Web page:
Finance officials from major industrial countries, seeking to calm nervous global markets, pledged Sunday to increase cooperation on attacking economic problems.
The officials from the Group of Seven industrial countries issued a joint statement late Sunday saying they were prepared to take all necessary measures to support financial stability and growth.
“We are committed to addressing the tensions stemming from the current challenges on our fiscal deficits, debt and growth,” the group said.
The G-7 statement came after the group held an emergency conference call to discuss the debt crisis in Europe and market prospects following the announcement of the first-ever downgrade of the credit rating of the U.S. government.
U.S. Treasury Secretary Timothy F. Geithner and Federal Reserve Chairman Ben S. Bernanke participated in the G-7 call, which also included finance officials from Japan, Germany, France, Britain, Italy and Canada.
The G-7 statement did not specifically address the decision by credit-rating agency Standard & Poor’s to lower the U.S. credit rating a notch from AAA to AA+. But it did praise the agreement approved by Congress last week that raised the country’s borrowing limit and pledged more than $2 trillion in deficit reduction over 10 years.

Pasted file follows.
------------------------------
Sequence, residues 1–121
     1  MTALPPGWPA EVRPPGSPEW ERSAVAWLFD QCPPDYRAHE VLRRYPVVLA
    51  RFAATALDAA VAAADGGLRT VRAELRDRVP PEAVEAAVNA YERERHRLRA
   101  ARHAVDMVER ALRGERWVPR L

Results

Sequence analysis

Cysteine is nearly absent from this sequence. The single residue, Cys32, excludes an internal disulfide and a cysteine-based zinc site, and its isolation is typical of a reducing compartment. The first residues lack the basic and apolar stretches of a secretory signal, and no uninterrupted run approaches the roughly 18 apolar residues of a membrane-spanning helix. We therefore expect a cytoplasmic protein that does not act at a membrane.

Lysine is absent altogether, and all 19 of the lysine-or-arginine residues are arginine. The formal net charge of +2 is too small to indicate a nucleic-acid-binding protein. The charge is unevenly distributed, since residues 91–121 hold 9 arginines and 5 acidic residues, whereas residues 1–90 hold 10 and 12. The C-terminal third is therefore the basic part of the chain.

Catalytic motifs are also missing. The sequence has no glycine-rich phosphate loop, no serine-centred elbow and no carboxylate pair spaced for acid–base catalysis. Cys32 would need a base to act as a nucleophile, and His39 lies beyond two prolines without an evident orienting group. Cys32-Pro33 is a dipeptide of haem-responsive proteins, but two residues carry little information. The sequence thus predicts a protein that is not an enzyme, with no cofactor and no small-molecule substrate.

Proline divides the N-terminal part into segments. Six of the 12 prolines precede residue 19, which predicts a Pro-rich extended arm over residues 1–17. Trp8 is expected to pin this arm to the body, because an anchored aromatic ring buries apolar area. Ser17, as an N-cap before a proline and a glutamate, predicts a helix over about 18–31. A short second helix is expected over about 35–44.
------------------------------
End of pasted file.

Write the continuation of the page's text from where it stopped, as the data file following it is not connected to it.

The statement said the United States had “adopted reforms that will deliver substantial deficit reduction over the medium term.” That was in contrast to the S&P ratings decision, which criticized the U.S. debt agreement as not going far enough.
On Monday, Japan’s finance minister separately said his country would continue investing in U.S. government bonds.
“Confidence in the U.S. bonds is unshaken,” Yoshihiko Noda told Jiji Press news agency, calling U.S. Treasury bonds “an attractive financial product.” Japan is the second-largest holder of US Treasury bonds after China.
As expected, Asian stocks fell in early trading on Monday after the G-7 statement and other weekend efforts to calm financial markets. However, the fall was not as large as might have been expected, and some markets clawed back some of their immediate losses.
The main stock markets in Tokyo and Seoul both opened down 1.40 percent, though both indexes made back some of those losses. Australian stocks fell 1.8 percent, and Hong Kong’s Hang Seng Index opened 2.57 percent lower. China’s Shanghai Composite Index did best of all, losing less than 1 percent upon opening.
Crude-oil prices were sharply lower in Asian trading, with New York’s main contract - light, sweet crude for September delivery - dropping $2.48 to $84.40 a barrel.
The G-7 statement also took note of developments regarding the debt crisis in Europe and said the focus should be on “quick and full implementation of the agreements” that have been reached to deal with countries’ debt burdens.
The G-7 statement also said the group would be alert for any indications of “excess volatility and disorderly movements” in exchange markets.
• From combined dispatches
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